The Rochester Bridge Trust has just received the report of a riverbed survey carried out last autumn in the Medway around Rochester Bridge.
The survey was conducted by the Hydrographic Service of the Port of London Authority (PLA) and was commissioned by the Trust to check riverbed conditions around the bridge piers as part of its ongoing programme of technical maintenance of Rochester Bridge. The Trust decided to extend the survey upstream to look for remains of the medieval bridge.
The medieval stone bridge, which had crossed the river for almost 500 years, was blown up by the Royal Engineers in 1857, after the new Victorian bridge was opened for use. However, the remains of the medieval bridge below the surface of the riverbed can still be clearly seen in the survey results
The survey shows the positions of the channel through the large central arch, the five smaller arches on the Rochester side, and the three arches on the Strood side. Near the Strood embankment the survey also shows the old bridge yard, or service depot for the bridge workmen, which had been excavated to widen the river and create a navigation channel for the swing span of the Victorian bridge.
The PLA did the hydrographical survey using their survey vessel Galloper mounted with a Reson.125 Multibeam Echosounder.
PLA said, “Excellent coverage and data density were achieved across the enire site, resulting in fine features and detail to be revealed. The foundations of the medieval bridge are clearly to be seen, as well as the old central access channel.”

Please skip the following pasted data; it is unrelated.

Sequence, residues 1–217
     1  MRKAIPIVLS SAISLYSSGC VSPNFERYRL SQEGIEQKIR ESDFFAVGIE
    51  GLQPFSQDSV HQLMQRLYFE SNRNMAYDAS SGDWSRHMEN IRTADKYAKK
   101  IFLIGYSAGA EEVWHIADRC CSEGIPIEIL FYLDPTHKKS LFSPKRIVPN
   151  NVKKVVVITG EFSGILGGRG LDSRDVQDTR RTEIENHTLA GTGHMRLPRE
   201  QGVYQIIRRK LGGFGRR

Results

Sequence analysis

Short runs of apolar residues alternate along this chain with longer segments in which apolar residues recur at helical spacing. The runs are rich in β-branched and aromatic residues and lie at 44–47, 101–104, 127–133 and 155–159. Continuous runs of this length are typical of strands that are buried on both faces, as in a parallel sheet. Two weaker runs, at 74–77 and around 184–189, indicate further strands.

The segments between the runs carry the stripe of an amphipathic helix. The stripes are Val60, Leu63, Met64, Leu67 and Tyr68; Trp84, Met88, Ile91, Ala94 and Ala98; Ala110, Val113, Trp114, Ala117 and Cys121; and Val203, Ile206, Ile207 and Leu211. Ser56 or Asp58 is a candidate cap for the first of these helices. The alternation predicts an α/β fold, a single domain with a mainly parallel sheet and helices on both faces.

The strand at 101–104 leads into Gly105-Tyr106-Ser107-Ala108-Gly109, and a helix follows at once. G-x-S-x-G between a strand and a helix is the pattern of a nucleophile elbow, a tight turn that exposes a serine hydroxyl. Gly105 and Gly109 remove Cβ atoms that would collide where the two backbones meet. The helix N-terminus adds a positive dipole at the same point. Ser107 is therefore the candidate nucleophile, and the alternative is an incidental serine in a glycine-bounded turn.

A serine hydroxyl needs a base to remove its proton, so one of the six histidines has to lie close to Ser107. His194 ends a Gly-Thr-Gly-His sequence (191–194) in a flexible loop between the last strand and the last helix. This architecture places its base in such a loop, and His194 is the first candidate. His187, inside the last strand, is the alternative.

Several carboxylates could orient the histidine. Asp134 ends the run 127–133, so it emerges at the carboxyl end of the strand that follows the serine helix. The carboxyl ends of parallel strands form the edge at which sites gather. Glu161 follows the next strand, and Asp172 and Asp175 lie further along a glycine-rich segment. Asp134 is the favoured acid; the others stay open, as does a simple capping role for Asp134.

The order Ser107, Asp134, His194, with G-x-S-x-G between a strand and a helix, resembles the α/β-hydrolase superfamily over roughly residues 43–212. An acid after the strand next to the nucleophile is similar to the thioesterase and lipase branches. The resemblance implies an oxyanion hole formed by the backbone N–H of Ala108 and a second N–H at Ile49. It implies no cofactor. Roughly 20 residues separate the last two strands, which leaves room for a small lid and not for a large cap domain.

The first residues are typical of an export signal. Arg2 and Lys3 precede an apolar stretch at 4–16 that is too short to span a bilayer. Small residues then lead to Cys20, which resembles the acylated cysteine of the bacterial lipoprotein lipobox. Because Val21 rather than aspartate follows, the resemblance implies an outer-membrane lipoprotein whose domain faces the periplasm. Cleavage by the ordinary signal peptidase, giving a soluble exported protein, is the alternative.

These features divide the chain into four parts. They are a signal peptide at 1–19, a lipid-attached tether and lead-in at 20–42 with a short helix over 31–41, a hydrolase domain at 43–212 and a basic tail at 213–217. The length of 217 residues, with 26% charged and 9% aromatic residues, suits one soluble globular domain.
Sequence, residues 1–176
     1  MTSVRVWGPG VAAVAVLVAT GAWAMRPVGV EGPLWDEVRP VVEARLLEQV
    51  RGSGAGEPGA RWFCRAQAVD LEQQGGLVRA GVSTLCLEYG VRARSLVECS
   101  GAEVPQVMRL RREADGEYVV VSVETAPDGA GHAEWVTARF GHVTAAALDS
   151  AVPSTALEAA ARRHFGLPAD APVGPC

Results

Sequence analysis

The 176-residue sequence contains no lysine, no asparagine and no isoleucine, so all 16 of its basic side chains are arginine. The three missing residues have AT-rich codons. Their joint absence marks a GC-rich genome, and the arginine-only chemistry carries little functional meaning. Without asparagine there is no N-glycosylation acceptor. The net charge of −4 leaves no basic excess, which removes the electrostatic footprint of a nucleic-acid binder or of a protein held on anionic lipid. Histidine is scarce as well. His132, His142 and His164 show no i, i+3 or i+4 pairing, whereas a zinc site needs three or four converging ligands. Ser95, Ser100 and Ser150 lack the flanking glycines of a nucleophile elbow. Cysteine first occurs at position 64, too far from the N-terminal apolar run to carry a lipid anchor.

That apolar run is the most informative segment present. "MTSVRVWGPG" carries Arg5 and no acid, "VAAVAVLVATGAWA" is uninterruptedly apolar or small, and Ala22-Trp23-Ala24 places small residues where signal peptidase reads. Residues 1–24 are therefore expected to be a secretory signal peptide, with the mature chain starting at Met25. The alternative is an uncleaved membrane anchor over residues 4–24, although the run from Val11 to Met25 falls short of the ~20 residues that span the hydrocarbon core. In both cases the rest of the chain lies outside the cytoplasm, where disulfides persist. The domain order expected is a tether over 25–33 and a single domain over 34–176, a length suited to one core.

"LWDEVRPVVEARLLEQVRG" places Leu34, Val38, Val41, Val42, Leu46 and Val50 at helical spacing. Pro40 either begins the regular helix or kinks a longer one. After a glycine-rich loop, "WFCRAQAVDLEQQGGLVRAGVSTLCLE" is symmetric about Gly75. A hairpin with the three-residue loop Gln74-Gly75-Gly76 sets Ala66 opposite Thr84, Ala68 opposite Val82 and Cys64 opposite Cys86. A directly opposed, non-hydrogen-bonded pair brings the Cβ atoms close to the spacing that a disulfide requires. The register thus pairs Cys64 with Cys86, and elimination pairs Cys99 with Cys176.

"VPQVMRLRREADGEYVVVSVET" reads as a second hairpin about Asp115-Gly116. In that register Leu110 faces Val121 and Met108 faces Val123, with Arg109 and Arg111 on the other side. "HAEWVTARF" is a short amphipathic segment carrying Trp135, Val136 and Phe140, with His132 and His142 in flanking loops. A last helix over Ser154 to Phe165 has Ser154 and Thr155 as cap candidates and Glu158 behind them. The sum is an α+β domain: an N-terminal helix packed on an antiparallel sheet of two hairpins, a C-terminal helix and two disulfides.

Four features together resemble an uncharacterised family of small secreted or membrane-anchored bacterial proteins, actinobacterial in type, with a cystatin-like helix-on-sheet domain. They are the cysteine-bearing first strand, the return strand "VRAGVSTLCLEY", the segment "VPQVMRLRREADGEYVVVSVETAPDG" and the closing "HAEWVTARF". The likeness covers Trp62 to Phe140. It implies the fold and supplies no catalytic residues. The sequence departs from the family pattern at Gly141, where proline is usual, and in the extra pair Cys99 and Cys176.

Mott MacDonald, the Rochester Bridge Trust’s inetrnationally known engineering advisors, said, “The conclusions confirm that there are no serious threats to the bridge piers in terms of river scour.”
The Rochester Bridge Trust is a charitable trust that exists to maintain the bridges and serve the local people of Medway. The Rochester Bridge Trust has served the people of Kent for centuries by providing crossings over the River Medway and more recently by also making charitable and educational grants. Regulated by the Charity Commission, the Trust must use its income “for the passage over, under, or across the River Medway,” for the “maintenance of the banks and channels of the River Medway” and for “other charitable purposes primarily in the County of Kent.”
The Trust’s wardens, who are not paid, include members of all three local Councils in the area to ensure fair representation. Since 1999 a new Charity Commission scheme has provided for twelve wardens and assistants: three nominated by the Medway Council, two by the Kent County Council, one by the Maidstone Borough Council, and six assistants drawn from the local community and appointed by the Trust.
For further information contact:
Mrs. Sue Threader, Bridge Clerk, The Rochester Bridge Trust
Graham Madan, Mott Macdonald Limited